Mr. Jobs didn’t respond to an email requesting comment. “Steve continues to look forward to returning at the end of June, and there’s nothing further to say,” said Apple spokeswoman Katie Cotton.
That language leaves the clear impression that Jobs did not personally contribute to the report, and it implies that Katie Cotton did not either. It’s one thing for reporters to omit information; it is something else entirely to purposefully mislead readers.
There are also certain implications in the Journal’s story that cast Jobs in an unflattering light.
William Hawkins, a doctor specializing in pancreatic and gastrointestinal surgery at Washington University in St. Louis, Mo., said that the type of slow-growing pancreatic tumor Mr. Jobs had will commonly metastasize in another organ during a patient’s lifetime, and that the organ is usually the liver. “All total, 75% of patients are going to have the disease spread over the course of their life,” said Dr. Hawkins, who has not treated Mr. Jobs.
Getting a liver transplant to treat a metastasized neuroendocrine tumor is controversial because livers are scarce and the surgery’s efficacy as a cure hasn’t been proved, Dr. Hawkins added. He said that patients whose tumors have metastasized can live for as many as 10 years without any treatment so it is hard to determine how successful a transplant has been in curing the disease.
This is ugly business. They’re quoting a doctor who specializes in pancreatic and gastrointestinal surgery as saying (1) that it’s common for someone who had the cancer Jobs had to subsequently get cancer in their liver; (2) that liver transplants are not proven to help in such cases; and (3) obtaining a liver transplant in such cases is therefore controversial because it’s taking a liver that could otherwise have been put to better use by someone with some other type of liver ailment. There is no other way to read this than as an implication that Steve Jobs may have gotten a liver that should have gone to someone else. Keep in mind that this entire ugly implication is not stated as fact and is attributed as speculation from a doctor who admittedly has not treated Steve Jobs. But the fact that it is in the story at all makes me question whether any of the information in the story came with Steve Jobs’s permission, tacit or otherwise.
Theory 3: That a member of Apple’s board of directors leaked the information to the Journal without Jobs’s permission or knowledge, or perhaps, if the matter of public disclosure had been posed to and dismissed by Jobs at a board meeting, expressly against Jobs’s wishes. The scenario I am imagining here is that Jobs does not wish to reveal anything regarding his medical situation, but that a member (or contingent) of Apple’s board believes it is in the company’s interest to release the basic gist of the story, regardless of Jobs’s wishes. This scenario would explain the timing, the certainty, and perhaps even the lack of sourcing. (Although if this scenario is the case, certainly Jobs himself must suspect the source of the leak is from the board.)
Note also that some portions of Kane and Lublin’s WSJ report must have been sourced from someone on, or very close to, Apple’s board of directors:
When he does return, Mr. Jobs may be encouraged by his physicians to initially “work part-time for a month or two,” a person familiar with the thinking at Apple said. That may lead Tim Cook, Apple’s chief operating officer, to take “a more encompassing role,” this person said. The person added that Mr. Cook may be appointed to Apple’s board in the not-too-distant future. […]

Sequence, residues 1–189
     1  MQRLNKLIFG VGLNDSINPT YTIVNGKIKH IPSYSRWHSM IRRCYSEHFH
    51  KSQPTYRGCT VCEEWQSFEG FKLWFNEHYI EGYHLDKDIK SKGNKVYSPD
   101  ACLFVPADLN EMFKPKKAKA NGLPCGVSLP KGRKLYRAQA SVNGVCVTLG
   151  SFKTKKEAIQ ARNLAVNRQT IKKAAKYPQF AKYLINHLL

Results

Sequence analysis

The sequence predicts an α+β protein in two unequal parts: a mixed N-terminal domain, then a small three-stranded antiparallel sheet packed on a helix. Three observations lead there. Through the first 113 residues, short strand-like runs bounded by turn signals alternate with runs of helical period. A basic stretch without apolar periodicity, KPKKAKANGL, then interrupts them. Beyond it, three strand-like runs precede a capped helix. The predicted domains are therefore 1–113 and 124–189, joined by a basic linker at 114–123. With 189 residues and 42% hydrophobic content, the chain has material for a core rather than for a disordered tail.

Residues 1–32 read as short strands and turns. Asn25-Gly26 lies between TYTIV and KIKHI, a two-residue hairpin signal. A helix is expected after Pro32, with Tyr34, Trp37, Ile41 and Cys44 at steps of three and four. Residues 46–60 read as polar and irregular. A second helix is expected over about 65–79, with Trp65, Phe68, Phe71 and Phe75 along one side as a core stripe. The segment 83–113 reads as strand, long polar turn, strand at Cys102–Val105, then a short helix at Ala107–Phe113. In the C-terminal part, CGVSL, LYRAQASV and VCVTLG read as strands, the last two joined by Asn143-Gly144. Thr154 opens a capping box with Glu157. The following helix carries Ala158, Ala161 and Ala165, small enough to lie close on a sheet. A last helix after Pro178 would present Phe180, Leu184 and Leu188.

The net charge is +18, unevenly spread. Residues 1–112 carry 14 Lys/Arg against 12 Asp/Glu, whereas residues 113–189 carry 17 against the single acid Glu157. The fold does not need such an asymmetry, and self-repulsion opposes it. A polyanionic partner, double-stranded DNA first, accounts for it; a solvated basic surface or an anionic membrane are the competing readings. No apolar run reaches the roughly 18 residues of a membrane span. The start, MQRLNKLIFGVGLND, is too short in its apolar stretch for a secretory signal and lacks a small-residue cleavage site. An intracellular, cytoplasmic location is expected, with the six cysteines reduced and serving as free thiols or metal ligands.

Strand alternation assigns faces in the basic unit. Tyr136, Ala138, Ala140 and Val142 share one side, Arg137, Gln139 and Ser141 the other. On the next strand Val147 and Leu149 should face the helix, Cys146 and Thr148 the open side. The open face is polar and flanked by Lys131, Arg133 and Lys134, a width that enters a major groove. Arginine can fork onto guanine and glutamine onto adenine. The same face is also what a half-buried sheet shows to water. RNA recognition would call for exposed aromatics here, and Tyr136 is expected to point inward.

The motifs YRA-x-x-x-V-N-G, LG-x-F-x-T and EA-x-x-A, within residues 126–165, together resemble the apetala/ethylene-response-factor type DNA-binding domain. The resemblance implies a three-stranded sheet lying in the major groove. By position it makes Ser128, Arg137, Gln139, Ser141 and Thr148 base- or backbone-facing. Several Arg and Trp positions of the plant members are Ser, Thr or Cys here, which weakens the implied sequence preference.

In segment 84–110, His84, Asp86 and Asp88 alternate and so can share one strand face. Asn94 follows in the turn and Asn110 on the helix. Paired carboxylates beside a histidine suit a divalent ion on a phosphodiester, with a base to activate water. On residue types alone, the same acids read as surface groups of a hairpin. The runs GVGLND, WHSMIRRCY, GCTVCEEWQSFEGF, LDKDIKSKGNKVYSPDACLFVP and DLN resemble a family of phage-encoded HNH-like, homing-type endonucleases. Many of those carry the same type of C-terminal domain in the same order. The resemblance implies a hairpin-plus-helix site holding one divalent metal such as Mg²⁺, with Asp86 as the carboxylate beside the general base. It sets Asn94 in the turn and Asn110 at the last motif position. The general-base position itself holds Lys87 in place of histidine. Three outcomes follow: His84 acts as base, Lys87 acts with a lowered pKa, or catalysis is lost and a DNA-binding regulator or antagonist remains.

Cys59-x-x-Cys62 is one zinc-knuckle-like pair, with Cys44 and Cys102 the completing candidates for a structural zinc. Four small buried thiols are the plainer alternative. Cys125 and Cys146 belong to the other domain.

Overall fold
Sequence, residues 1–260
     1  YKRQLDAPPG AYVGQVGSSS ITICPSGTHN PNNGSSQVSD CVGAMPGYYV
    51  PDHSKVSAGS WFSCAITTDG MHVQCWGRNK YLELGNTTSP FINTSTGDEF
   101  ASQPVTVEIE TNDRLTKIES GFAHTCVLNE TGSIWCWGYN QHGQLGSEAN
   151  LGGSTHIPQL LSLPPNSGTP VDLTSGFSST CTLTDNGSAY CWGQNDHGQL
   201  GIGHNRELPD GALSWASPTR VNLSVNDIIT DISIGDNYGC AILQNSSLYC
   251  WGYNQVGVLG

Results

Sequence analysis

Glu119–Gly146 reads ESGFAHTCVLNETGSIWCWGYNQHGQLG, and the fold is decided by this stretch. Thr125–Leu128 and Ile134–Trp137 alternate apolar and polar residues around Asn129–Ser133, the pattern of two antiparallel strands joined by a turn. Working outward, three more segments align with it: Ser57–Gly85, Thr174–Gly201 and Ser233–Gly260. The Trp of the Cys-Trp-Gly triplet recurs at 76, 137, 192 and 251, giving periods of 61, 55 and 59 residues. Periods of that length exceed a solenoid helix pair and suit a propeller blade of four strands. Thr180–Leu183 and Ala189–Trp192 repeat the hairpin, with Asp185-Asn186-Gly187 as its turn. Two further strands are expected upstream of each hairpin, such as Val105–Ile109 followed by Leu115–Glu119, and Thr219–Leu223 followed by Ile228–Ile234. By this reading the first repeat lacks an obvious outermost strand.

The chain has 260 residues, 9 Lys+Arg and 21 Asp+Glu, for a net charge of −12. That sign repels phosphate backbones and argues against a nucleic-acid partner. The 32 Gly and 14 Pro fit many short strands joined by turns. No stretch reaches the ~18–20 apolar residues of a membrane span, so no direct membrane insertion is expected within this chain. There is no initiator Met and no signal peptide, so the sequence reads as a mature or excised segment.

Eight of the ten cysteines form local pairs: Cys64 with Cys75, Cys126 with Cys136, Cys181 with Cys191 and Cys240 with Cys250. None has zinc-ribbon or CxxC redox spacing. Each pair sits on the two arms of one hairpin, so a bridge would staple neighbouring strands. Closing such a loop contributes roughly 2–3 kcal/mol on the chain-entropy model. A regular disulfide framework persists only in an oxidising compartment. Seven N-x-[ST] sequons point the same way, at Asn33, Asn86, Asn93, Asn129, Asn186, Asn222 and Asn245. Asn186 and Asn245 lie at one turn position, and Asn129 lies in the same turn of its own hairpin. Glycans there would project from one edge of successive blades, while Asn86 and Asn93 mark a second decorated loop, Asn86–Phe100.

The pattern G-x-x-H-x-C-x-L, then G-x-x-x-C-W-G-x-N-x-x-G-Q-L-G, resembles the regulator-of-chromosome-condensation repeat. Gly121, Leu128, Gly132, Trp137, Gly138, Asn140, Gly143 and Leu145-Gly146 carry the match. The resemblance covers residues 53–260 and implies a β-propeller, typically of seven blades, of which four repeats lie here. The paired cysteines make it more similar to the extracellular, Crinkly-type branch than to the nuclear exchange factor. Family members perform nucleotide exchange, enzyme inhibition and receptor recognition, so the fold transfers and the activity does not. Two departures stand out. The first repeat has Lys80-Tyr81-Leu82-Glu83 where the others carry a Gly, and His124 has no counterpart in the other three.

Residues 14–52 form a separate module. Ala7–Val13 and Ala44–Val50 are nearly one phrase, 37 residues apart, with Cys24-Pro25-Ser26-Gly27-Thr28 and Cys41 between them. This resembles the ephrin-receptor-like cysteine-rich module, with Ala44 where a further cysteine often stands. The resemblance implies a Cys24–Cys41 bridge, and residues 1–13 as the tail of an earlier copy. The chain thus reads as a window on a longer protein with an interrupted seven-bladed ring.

At least some Apple directors were aware of the CEO’s surgery. As part of an agreement with Mr. Jobs in place before he went on leave, some board members have been briefed weekly on the CEO’s condition by his physician.
Who else other than a source on Apple’s board would know that Tim Cook may soon join the board, or that some board members were briefed weekly?3
This third scenario is my best guess as to the Journal’s source. It sounds sensational to speculate that there is conflict in this regard between Jobs and at least some contingent of Apple’s board of directors, but sensational or not, it makes more sense to me than any other scenario.
It also fits with my belief that Steve Jobs does not want to disclose anything about his health whatsoever.
As usual, I’m linking to a Google redirection to the WSJ story. If I link directly to the WSJ web site, only paid WSJ subscribers will be able to read the story. The WSJ allows referrals from Google to see full article content. ↩︎
Apple board member and Jobs confidant Al Gore is from Tennessee. But his home is in Nashville, not Memphis, so I can’t think of any reason Gore would have played a role in Jobs’s decision to go there. ↩︎
In theory the Journal’s source could be Tim Cook, but that goes against everything I have ever heard about Cook. I believe him to be loyal, honest, and to have deservedly earned Steve Jobs’s full trust. I truly believe that Cook would much prefer to continue in his current role in an Apple with Jobs as CEO than to be CEO of a Jobs-less Apple. Plus, Cook doesn’t need to angle through the press for anything. If Jobs steps down as CEO any time in the foreseeable future, the CEO job goes to Cook. No one whose opinion I value doubts this. It’s simply a question of whether Cook runs operations as “COO” with Steve Jobs overseeing product development, or as “CEO” without Steve Jobs overseeing product development. ↩︎